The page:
Thor Fridriksson is no stranger to trivia. The tech entrepreneur founded QuizUp, one of the hottest mobile games of the early aughts, which attracted more than 100 million downloads, a deal with NBC and had raised more than $40 million from notable investors. Plain Vanilla Games, the parent company of QuizUp, eventually sold to GluMobile for $7.5 million.
But that doesn’t mean Fridriksson is hanging up his hat on trivia. In fact, the lessons he learned the first time around have led him to this very moment. Today, Fridriksson is launching Trivia Royale, the latest game out of Iceland-based TeaTime Games.
Trivia Royale is, like it sounds, a trivia game in the genre of Battle Royale. It’s a 1,000-person head-to-head Trivia tournament. Like QuizUp, players can choose to do one-to-one Trivia matches based on categories in a casual way. But the real draw of the mobile game is Trivia Royale.
It starts with 1,000 people who are matched into one-on-one battles around general trivia. Each battle includes five questions that go from easy to more difficult, with 10 seconds to answer each question. The faster you answer the question, the more points you get. The final question in the battle is worth double points.
If you lose your battle, you’re out of the tournament. The pool then drops to 500 people, and then to 250 people, and so on and so forth, until you’re down to the final four and the final two. Folks who win a Trivia Royale get a “crown” that’s displayed on their avatar, as well as access to the Royale Lounge, where they can check out global and local leaderboards and chat with other Royales.
What’s most interesting about Trivia Royale is that it’s built on the TeaTime Live platform.
TeaTime, co-founded by Fridriksson, launched in February of 2018. The platform is not a game in and of itself, but rather a developer platform for game makers that adds a new level of engagement, interaction and monetization to mobile games.
On TeaTime, users can create an Animoji-style avatar that employs the front-facing camera of a smartphone to let players interact in real time with facial expressions as they play a game. Since most users don’t necessarily want to show their actual face to strangers during gameplay, TeaTime uses Snap-style filters and Apple Animoji-esque avatars to let users engage with one another without revealing their actual identity.
The initial failure of QuizUp was an inability to monetize. TeaTime was built to avoid making that same mistake twice. The existence of avatars offers a built-in monetization strategy as users look to customize and build out their avatars.
Fridriksson was also extremely averse to mobile advertising within games while he was running QuizUp, and has made his peace with some advertising with the launch of Trivia Royale. When a user wins and is rewarded with points, the user can double those points by watching an ad.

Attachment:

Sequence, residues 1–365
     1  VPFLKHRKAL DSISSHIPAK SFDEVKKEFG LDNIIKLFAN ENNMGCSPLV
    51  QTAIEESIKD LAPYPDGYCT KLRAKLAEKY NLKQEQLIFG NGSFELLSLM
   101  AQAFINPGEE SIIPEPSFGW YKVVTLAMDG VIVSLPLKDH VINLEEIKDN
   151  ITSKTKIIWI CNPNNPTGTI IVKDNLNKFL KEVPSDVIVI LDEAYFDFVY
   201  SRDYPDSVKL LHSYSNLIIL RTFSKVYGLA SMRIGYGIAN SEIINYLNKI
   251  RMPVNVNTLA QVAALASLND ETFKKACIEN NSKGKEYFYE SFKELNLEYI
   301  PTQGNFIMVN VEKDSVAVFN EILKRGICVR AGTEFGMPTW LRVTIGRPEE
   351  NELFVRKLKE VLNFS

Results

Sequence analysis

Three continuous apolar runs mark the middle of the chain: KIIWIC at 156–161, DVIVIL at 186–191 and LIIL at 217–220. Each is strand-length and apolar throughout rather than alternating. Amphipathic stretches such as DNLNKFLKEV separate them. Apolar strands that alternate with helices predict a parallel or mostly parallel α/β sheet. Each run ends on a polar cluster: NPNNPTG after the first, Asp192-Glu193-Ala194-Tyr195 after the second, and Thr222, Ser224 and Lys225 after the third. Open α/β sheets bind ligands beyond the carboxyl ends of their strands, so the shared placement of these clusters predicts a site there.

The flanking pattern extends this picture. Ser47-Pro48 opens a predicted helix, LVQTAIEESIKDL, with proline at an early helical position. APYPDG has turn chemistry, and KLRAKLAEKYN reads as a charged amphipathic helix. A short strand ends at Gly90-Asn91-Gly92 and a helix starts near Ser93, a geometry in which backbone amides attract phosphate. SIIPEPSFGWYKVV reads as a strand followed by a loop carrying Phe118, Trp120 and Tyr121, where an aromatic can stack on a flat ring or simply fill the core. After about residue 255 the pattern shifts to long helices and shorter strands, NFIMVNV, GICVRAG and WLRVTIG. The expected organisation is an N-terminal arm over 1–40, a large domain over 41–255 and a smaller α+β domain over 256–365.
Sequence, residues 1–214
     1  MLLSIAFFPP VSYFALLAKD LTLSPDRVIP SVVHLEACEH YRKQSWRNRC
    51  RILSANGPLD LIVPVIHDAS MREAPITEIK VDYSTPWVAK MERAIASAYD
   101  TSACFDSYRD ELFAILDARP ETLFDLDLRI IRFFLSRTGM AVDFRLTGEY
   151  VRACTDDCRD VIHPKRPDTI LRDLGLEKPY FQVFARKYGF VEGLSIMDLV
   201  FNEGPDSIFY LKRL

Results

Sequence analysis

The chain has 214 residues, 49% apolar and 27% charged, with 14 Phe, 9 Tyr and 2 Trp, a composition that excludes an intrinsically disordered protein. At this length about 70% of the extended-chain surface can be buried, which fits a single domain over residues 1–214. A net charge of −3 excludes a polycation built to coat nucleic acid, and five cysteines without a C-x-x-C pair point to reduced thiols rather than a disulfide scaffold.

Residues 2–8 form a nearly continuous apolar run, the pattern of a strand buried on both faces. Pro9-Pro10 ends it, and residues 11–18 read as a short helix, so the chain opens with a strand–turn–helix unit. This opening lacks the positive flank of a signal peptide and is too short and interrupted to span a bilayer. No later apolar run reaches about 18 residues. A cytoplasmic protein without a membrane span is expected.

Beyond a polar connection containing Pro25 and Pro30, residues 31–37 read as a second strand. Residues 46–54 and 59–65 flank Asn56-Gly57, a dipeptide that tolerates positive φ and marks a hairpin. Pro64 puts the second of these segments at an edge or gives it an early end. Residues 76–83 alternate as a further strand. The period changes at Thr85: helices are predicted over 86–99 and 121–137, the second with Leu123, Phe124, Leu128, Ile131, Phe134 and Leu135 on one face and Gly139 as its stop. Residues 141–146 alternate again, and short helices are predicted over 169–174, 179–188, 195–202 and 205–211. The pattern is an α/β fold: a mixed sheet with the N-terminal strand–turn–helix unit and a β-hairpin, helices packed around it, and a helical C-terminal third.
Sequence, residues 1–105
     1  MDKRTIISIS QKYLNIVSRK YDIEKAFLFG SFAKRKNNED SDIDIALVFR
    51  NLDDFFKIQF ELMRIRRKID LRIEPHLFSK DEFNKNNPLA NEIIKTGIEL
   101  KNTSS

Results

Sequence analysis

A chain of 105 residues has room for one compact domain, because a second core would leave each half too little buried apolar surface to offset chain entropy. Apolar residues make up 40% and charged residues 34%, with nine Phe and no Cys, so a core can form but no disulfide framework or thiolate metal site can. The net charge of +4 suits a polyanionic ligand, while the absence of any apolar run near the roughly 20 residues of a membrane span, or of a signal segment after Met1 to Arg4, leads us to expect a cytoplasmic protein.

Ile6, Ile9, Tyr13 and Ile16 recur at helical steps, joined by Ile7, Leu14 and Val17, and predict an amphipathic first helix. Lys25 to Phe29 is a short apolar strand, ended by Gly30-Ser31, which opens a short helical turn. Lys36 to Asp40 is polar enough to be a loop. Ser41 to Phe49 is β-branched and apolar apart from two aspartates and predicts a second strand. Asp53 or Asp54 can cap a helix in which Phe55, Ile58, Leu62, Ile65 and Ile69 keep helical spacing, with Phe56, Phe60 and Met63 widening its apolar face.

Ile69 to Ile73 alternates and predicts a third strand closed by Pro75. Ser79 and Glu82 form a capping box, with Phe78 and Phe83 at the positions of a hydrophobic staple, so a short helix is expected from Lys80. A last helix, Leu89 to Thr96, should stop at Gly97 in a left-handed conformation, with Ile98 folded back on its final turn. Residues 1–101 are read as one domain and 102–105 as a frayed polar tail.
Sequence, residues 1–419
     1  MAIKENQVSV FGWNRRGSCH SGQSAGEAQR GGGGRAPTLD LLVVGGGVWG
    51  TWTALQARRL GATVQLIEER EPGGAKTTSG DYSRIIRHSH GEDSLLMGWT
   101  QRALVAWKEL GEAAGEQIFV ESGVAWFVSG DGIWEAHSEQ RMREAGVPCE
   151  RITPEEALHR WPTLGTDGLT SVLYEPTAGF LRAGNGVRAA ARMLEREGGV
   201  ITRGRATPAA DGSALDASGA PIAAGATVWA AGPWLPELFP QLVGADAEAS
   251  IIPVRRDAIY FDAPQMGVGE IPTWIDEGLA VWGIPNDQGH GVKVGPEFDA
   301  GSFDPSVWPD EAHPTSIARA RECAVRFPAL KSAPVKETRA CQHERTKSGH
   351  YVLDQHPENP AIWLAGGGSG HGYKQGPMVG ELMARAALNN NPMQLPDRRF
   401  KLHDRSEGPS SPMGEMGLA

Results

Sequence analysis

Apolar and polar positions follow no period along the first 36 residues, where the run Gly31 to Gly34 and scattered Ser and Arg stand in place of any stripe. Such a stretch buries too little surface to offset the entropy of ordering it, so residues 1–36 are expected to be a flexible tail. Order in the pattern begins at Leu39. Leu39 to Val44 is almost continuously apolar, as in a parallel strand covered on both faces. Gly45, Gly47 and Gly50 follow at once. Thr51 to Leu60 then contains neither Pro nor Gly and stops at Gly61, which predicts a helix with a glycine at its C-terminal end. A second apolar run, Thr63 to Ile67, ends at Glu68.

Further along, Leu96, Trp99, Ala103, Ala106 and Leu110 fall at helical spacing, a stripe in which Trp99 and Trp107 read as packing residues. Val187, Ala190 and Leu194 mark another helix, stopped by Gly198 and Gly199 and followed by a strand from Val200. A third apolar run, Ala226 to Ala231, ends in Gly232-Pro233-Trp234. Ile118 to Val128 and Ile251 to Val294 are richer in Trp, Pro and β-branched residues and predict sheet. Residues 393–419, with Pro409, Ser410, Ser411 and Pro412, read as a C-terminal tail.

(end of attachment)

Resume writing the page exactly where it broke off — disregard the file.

Users can also supplement their winnings by buying virtual currency to update their avatar with hats, piercings, hand gestures, glasses and more.
Moreover, users need a ticket to enter into a Trivia Royale tournament. These tickets are provided every couple hours, so users who want to play game after game without waiting will need to use virtual currency to buy a ticket.
Obviously, it would be difficult to get and keep 1,000 players in a single tournament at once, so Trivia Royale focuses on matching people who are at the same level in the tournament rather than holding these tourneys in individual lobbies.
“The challenge is to get a hit game on a platform before it becomes a platform because you need that,” said Fridriksson. “So what I did, essentially, is that I just totally changed my focus as a CEO and went into full-hearted product mode for this game. I find myself back in the mode of creating a cool user experience, and it’s the most fun I’ve ever had.”
In beta, the company has used bots to fill in the gaps where there aren’t available matches for players. In the first five rounds of the Trivia Royale tournament, Fridriksson says there is about a 60% chance that users will be matched with a real person, with the likelihood of being paired with a bot getting higher the further a user gets in the tournament.
The company ran a beta in Ireland, New Zealand and Canada over the past two weeks and has gotten 9,000 beta users, with day-one retention at 50% and with average users playing around 12 games per day.
As the game gets more users, the company hopes to match users with real people 95% of the time and ultimately get to a place where the bots fade out of the equation.
At this point, the game has more than 20,000 questions across 40 categories including TikTok, Geography, Movies, Superheroes, Videogames, Sports, Disney and Logos, with more questions added every day.